Gazan Mohammad Abushahma Awarded for Investigation with OCCRP

Published: 04 June 2024

Mohammad Abushahma Gaza AwardAwarded investigative journalist Mohammad Abushahma sitting amidst the rubble of his home in Khan Younis. (Photo: Mohammad Abushahma, private)


Palestinian journalist Mohammed Abushahma, who collaborated with OCCRP on two top-level investigations into corruption in Gaza, has won the Student’s Prize under the 2024 Samir Kassir award for best investigation.

The story reveals how war profiteers and middlemen were pushing up prices of food and other vital commodities aggravating the misery of Gazans.

Abushahma was one of three finalists for the investigative reporting award. The Student’s Prize went to him while the jury members chose Hadeel Arja, as winner of the best investigative report for her story on Syrian refugee minor females injected with hormones to grow older and get married.

OCCRP did not publish Abushahma’s byline on the investigation for his own protection.

It was only after he was shortlisted for the prize that Abushahma has decided to reveal himself as the author against professional advice from colleagues.

“I have no hope that I will survive this war and I have nothing to lose anymore,” he explained his change of mind. “I bear full responsibility for my decision,” he wrote in an email to both OCCRP and the prize organizers.

A Beirut-based OCCRP colleague received the prize on his behalf as the Israel-Hamas war has prevented most Palestinians in Gaza from traveling abroad.

Sitting amidst the rubble of his home in Khan Younis, Abushahma, 36, said in a pre-recorded video he felt unable to celebrate the award he had long coveted because of the human and material devastation caused around him.

“My home has been flattened by Israeli bombings. My brother and sister and her children have died and so have many of my cousins. My small family is near extinct because of the war,” he told OCCRP.

But the father of five children, who lives with his wife and aging mother, said he dedicates the prize to all colleagues in the Gaza Strip “who have lost their lives to tell the truth in written and broadcast reports.”

Up to June 3, 2024, the war in Gaza has claimed the lives of nearly 108 reporters and media practitioners, including two Israelis and three Lebanese, according to the Committee to Protect Journalists.

The Hamas-run media office says more than 140 reporters had been killed in the conflict.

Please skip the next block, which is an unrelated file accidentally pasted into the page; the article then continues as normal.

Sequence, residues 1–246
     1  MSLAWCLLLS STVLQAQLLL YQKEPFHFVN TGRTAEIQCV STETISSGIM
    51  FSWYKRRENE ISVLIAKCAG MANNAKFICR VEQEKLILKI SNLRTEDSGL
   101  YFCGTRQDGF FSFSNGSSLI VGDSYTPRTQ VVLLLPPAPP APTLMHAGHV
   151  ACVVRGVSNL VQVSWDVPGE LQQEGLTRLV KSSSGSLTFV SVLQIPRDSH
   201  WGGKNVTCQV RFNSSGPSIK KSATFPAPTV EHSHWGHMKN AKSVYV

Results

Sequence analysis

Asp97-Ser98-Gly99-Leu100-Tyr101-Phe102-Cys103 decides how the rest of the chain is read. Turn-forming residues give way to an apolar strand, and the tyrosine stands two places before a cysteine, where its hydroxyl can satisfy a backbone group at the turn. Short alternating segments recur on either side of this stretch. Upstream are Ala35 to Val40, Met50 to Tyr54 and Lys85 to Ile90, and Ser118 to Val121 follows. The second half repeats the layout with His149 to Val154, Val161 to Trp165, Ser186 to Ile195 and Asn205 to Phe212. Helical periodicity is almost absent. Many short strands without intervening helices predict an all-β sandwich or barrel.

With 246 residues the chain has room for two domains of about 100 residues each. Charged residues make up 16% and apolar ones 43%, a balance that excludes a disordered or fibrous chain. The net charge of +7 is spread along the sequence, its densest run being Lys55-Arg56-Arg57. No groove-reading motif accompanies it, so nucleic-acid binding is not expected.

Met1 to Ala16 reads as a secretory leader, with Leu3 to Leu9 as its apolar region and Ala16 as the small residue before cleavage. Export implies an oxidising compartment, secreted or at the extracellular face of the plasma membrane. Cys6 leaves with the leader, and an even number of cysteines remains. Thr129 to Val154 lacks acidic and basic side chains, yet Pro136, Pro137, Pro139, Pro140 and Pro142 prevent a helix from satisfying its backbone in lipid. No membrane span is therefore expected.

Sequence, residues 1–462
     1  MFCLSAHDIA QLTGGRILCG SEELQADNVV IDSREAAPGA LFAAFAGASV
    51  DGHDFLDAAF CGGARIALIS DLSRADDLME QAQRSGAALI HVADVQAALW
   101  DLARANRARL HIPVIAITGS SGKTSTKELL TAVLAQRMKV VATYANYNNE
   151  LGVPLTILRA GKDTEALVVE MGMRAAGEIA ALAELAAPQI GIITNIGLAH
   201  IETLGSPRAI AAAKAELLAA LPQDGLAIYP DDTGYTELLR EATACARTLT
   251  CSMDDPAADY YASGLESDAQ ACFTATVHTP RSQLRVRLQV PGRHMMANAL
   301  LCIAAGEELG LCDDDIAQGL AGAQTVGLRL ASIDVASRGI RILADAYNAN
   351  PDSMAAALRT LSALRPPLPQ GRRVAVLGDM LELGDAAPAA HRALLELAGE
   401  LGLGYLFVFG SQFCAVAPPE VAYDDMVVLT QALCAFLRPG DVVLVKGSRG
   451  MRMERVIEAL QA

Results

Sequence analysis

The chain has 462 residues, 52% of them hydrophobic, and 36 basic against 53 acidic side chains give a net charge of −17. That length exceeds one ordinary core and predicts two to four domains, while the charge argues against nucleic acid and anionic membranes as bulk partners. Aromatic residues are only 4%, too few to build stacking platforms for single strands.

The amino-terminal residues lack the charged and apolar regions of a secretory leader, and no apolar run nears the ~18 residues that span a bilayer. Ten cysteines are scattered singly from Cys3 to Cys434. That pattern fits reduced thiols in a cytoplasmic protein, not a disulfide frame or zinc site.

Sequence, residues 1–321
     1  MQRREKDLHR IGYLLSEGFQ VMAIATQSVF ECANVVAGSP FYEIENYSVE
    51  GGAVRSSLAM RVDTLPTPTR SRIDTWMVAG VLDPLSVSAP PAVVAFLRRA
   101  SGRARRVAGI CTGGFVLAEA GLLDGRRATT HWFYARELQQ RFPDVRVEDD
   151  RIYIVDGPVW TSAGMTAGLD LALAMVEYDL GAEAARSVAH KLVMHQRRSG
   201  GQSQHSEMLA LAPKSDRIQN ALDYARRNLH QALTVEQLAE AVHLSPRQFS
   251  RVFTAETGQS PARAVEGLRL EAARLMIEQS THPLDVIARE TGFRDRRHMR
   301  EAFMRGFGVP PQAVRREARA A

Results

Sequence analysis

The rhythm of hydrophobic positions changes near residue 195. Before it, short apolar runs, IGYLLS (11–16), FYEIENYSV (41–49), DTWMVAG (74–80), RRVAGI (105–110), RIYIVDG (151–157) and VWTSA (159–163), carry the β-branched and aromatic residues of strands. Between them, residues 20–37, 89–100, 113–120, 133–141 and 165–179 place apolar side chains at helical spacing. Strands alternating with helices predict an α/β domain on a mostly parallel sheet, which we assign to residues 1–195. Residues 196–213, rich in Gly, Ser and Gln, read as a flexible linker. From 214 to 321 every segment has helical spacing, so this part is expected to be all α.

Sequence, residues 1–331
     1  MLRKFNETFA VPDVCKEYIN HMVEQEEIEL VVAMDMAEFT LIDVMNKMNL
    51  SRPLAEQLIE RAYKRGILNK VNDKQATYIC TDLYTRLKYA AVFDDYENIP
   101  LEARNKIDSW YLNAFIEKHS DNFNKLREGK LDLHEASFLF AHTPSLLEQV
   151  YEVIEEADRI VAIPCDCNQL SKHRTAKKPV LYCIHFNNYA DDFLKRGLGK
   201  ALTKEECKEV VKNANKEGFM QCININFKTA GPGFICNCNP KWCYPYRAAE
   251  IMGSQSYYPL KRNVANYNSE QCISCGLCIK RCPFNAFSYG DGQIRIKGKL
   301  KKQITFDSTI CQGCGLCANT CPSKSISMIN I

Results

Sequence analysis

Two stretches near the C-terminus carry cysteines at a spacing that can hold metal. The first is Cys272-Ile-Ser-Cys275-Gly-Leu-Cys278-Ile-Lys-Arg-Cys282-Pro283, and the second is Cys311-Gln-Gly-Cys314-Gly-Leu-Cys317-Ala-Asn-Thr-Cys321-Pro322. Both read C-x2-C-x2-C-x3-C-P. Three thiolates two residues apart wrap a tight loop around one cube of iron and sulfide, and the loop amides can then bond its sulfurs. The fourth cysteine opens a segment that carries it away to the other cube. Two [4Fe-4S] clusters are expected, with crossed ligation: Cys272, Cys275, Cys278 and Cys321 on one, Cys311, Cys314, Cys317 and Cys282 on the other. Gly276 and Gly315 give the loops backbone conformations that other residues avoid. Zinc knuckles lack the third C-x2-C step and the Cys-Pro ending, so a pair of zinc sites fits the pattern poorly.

At least 36,000 Palestinians have been killed in Gaza since October 7, 2023. More than 8,000 are missing, buried under rubble.

Abushahma said he had completed the OCCRP investigation against all odds. He faced near starvation and a shortage of drinking water.

His PC was destroyed in the war and he had to borrow a laptop from a colleague to complete his stories.

“Carrying out an investigation in times of war in Gaza is very dangerous,” he said. “Sources were afraid to talk to me because of chaos and a total breakdown in law and order in addition to threats from armed men, powerful companies and families.”

In spite of all that, “it is shameful for journalists not to expose corruption and thieves,” he added.

Abushahma is a freelancer who was first trained by the Arab Reporters for Investigative Journalism (ARIJ), a leading center promoting the hitherto unknown culture of investigative journalism in 16 Arab states since its creation in 2005.

Between 2011-2019, he produced three investigations with support from ARIJ. He freelances for, a Beirut-based pan-Arab media platform and

The prize, now in its 19th edition, is supported by the EU and celebrates the life of Samir Kassir, a Lebanese journalist, critical of Syria’s role in Lebanon.

Kassir was assassinated by a car bomb in 2005, a few days before general elections in Lebanon.

The EU ambassador to Lebanon, Sandra De Waele, said in written remarks that the prize is one of several expressions of European commitment to press freedom.

“Over the years’ it has become a reference for thousands of journalists in the region who investigate or speak out on democracy, human rights, good governance and civic engagement,” she said.